Common Read Initiative: What is Whiteness?

December 5, 2022
Collage of the four faculty panelists listed in A-Z order.

Top: Dr. Kim Hester Williams, Dr. Theresa Burruel Stone Bottom: Dr. Anthony Rizzuto, Dr. Don Romesburg

Meryl Wenger

The goal behind the Common Read Initiative is to have conversations about race on the Sonoma State campus, something Dr. Anthony Rizzuto finds now more important than ever at the October 26th faculty panel on “What is Whiteness?” On discussing race, he feels that “We’ve gone backwards since [the 1990s]. Critical race studies is under attack by state legislatures and school boards and a loud minority of people across the country who seem to be taking whiteness studies very personally.” The concept of whiteness, Rizzuto continued, is exactly that: a concept, not a biological or physical representation of humans.

October 26th’s Common Read Faculty Panel engaged administrators, faculty, and students on the topic of “What is Whiteness?,” from Ijeoma Oluo’s book So You Want to Talk About Race. Moderated by Dr. Rizzuto, Drs. Kim Hester Williams, Theresa Burruel Stone, and Don Romesburg discussed whiteness in relation to Oluo’s book, their own works, and to the historical and modern manifestations of race and racism in the United States.              

Despite its conceptualness, race has been used as a tool for discrimination and oppression, so while whiteness is not physical, it has physical consequences. Dr. Hester Williams (of the English and AMCS departments) stated, “Whiteness is a powerful and consequential imaginary construct. It is a construct formed from a story, a myth, about a group of people who wished to maintain social, cultural and economic power and supremacy over the people they were subjugating in order to gain that power.” Leading with this, Dr. Hester Williams pulled from her own research and writings on the forms whiteness takes, specifically in American society. She cited Thomas Jefferson’s Notes on the State of Virginia, Judge Taney’s statement on the Dred Scott case of 1857, and Edgar Allen Poe’s The Narrative of Arthur Gordon Pym to demonstrate how whiteness is an imaginary concept that has been designed to exist “boundlessly.” She concluded with an excerpt from her essay recently published in The Many Lives of Scary Clowns, which interprets Stephen King’s Pennywise as a “relation to American identity and lived racial trauma resulting from a long history of settler-colonialism relations and whiteness, [manifesting as] racial fear and anxiety and terror.” Like Pennywise in It: Chapter Two, whiteness must be defeated, says Hester Williams.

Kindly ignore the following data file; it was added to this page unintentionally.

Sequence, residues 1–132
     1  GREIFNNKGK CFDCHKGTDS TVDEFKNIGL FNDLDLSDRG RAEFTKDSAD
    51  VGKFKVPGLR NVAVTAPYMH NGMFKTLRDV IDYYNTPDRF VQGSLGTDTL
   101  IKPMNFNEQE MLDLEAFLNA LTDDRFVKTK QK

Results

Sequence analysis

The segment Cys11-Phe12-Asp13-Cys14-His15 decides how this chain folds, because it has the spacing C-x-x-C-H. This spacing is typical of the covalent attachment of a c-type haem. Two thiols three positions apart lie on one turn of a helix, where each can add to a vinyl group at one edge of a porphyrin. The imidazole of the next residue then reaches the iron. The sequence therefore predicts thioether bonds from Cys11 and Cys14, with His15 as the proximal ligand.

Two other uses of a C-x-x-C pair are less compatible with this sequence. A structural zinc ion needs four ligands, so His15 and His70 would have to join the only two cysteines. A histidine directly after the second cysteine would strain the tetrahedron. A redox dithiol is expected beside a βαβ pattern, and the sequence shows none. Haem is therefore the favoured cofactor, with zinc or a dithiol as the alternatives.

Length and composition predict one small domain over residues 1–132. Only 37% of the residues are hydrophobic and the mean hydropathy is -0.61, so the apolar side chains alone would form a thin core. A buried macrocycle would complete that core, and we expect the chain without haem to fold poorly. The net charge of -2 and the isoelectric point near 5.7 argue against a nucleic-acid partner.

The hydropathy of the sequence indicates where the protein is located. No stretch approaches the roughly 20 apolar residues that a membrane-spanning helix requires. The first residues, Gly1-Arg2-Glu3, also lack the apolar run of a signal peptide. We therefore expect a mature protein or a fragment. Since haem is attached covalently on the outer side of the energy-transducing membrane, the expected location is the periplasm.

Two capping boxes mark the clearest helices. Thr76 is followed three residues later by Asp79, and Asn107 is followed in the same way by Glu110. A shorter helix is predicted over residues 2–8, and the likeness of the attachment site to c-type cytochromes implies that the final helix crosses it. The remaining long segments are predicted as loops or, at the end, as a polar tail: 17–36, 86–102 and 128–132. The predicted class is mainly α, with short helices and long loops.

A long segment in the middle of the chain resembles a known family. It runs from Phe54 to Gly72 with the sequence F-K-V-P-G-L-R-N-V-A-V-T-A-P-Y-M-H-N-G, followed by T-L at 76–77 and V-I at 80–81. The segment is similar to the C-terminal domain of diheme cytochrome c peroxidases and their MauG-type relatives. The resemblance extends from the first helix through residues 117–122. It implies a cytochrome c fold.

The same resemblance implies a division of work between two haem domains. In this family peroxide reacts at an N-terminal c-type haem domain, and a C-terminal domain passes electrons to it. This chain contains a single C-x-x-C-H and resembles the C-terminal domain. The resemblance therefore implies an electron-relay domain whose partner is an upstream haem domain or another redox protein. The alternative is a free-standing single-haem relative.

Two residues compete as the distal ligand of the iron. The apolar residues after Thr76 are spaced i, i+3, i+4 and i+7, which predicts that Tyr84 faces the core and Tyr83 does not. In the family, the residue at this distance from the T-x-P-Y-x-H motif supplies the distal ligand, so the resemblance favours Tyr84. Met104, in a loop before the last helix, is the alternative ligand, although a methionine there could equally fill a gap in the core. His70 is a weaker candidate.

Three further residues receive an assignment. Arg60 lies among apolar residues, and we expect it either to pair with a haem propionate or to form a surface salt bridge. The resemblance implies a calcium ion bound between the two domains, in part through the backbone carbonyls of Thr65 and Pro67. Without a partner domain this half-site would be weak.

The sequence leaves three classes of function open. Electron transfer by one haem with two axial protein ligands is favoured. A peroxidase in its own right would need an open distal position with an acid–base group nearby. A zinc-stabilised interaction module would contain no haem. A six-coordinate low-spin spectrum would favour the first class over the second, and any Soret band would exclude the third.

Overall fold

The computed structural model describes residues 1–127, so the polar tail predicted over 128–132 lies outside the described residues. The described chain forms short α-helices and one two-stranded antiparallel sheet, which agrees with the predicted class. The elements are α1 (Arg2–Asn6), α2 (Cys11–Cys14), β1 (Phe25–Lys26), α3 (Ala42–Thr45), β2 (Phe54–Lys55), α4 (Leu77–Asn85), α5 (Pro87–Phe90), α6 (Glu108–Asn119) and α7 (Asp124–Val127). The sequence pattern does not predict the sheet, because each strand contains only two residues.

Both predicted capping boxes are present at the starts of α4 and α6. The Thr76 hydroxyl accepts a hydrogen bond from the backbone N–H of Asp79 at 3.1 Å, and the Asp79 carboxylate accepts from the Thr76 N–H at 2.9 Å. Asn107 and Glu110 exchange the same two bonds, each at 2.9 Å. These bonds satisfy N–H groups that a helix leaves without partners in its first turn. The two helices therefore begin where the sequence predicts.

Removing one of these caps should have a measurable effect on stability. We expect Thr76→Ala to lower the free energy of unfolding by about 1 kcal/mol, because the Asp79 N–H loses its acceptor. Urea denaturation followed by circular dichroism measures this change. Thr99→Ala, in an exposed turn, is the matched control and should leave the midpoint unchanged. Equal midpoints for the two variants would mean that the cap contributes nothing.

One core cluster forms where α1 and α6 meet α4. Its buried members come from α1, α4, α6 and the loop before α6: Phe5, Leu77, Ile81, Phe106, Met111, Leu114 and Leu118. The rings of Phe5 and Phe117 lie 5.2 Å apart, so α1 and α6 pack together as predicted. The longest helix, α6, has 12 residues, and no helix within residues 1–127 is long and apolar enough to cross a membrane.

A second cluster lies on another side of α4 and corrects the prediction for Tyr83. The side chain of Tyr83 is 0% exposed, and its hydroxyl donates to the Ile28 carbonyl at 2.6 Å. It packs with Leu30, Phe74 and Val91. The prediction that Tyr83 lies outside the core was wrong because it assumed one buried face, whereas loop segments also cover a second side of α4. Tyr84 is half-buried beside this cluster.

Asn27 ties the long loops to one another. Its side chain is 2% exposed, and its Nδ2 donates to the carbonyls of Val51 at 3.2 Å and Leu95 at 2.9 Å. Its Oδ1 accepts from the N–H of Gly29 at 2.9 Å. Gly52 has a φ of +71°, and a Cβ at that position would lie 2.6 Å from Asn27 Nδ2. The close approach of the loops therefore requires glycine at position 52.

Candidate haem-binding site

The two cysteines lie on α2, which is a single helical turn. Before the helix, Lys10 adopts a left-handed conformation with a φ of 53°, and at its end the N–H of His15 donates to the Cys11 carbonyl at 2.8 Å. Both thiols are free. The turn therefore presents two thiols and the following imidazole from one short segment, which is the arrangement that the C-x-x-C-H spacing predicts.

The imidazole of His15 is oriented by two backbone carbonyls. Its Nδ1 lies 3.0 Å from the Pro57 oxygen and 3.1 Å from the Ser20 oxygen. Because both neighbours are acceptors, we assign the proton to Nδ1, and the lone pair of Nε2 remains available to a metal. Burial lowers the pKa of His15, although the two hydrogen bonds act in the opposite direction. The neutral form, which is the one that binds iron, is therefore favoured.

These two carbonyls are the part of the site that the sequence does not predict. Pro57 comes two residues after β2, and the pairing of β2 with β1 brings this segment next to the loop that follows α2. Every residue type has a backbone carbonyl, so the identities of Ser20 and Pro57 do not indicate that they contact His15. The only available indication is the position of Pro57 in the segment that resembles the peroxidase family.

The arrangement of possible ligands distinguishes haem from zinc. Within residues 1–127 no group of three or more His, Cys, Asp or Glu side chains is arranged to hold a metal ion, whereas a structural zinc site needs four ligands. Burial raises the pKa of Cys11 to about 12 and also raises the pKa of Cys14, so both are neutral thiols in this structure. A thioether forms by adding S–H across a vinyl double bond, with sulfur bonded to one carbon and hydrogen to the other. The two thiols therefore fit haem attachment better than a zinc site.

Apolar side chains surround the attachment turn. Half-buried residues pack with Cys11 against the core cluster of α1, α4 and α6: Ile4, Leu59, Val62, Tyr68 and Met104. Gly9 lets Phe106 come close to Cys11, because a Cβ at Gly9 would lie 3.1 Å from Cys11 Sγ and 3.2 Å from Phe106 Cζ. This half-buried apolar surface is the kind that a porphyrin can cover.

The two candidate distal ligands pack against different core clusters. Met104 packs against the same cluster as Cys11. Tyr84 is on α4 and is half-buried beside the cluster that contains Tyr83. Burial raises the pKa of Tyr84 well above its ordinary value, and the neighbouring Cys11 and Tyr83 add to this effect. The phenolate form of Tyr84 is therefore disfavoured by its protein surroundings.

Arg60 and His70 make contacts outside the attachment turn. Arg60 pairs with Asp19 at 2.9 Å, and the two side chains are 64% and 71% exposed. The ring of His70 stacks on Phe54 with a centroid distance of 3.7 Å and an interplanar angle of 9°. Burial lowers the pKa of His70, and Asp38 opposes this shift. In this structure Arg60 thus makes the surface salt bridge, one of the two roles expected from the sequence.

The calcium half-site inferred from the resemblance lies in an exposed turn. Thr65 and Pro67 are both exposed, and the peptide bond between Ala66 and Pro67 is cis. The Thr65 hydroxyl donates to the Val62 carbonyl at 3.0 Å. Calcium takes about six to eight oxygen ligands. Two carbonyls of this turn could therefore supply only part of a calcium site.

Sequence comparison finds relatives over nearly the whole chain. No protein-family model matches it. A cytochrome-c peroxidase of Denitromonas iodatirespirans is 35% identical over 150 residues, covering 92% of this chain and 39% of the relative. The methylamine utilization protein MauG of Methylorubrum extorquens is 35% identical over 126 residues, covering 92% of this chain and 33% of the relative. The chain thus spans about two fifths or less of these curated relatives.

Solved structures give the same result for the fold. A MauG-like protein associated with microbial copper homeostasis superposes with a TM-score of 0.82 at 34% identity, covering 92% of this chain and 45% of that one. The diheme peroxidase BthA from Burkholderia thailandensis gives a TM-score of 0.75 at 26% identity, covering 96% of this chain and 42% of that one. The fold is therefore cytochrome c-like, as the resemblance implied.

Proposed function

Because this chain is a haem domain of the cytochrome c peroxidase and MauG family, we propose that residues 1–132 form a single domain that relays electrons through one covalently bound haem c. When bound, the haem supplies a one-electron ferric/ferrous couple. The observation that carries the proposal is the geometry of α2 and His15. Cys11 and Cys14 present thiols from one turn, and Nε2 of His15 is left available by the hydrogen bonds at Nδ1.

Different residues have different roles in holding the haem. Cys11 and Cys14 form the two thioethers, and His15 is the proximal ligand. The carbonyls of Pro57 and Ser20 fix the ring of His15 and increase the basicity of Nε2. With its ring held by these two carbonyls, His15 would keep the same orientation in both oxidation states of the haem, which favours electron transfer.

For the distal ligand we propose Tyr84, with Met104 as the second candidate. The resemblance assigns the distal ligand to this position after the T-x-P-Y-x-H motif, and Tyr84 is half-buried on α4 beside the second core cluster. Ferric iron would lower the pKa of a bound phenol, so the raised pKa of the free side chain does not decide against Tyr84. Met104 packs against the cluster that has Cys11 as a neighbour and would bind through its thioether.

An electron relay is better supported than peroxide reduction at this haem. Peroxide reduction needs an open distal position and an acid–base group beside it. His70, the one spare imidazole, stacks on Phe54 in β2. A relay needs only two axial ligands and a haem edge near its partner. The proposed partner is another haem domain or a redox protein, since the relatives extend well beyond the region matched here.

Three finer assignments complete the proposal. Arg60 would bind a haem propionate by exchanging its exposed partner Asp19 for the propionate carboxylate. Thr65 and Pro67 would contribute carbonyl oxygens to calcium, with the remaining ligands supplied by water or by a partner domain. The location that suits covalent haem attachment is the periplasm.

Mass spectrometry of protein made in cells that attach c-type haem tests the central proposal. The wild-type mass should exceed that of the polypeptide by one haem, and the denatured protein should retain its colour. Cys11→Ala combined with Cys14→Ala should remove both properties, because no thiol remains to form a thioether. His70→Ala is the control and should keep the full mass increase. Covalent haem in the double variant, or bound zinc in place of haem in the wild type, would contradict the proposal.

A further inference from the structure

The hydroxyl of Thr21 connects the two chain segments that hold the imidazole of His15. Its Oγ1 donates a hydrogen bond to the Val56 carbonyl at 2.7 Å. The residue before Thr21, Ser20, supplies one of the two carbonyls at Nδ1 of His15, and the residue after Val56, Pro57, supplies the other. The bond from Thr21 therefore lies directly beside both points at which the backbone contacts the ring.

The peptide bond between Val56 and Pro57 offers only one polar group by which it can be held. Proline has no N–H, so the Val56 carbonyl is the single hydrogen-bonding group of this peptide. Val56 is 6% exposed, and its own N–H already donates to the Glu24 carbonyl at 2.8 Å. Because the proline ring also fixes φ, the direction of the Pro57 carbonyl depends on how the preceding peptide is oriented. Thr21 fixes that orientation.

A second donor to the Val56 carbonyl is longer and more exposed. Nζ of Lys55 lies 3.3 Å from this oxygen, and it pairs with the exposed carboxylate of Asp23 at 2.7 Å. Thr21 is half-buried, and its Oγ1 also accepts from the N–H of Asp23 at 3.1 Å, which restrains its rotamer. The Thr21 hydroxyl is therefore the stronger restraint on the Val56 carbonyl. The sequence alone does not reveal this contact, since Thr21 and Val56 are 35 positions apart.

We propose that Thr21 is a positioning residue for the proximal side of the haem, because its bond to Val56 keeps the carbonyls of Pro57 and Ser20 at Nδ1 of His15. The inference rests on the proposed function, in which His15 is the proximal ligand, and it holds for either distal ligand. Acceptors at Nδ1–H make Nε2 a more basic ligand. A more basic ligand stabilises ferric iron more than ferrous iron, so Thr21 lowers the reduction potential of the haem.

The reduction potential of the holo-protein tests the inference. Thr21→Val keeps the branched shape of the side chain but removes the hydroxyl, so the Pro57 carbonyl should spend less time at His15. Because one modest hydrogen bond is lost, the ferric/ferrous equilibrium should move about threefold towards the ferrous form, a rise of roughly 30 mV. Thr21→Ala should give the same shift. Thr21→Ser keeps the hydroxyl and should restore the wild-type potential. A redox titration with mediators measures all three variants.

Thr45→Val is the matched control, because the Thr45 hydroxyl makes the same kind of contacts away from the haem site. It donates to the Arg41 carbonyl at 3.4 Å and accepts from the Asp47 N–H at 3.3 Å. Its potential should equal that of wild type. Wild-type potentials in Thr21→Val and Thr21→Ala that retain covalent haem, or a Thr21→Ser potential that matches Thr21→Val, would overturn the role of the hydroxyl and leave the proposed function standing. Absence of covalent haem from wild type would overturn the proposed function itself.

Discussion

English Education professor Dr. Burruel Stone connected So You Want to Talk About Race with her own recent article “Centering Place in Ethnographies of Latinx Schooling” that was published by the International Review of Qualitative Inquiry. Both their article and background examine how non-Black and non-Indigenous Latinx students navigate the academic system and the systems of racialized violence they must face. As both Oluo’s book and Dr. Hester Williams’ talk establish, whiteness is an idealized concept used to enforce superiority over others to create an inequitable system. Dr. Burruel Stone focuses on Latinx youth for whose ethnic distinctions of national origin, immigration, and language act as a barrier to prevent them from being seen as fully idealized and superior. In this case, race is being conflated with national identity to establish a whiteness that is not only white, but Western and with a passport preference. 

Dr. Don Romesburg, Women and Gender Studies professor, concluded the panel with his takeaways from Oluo’s book. Whiteness is used as a powerful weapon to define and to oppress, and has a “license” to create and uphold inequitable worlds. To unmask whiteness as an imaginary concept and to identify the harms it creates, is an important step to fighting it. Engaging our community here on campus to discuss and deconstruct conceptions around race is an integral step towards a stronger culture both at Sonoma State and in the world, wherever our students, faculty, and alumni choose to go. Having conversations as a community, like the Common Read, is a building block for a better future.

Attending this panel was an enriching experience and a very educational one. I was highly interested by the connection of So You Want to Talk About Race with each speaker’s own research and additional sources to further examine the concepts and realities of whiteness, and I look forward to continuing to attend the Common Read Initiative talks.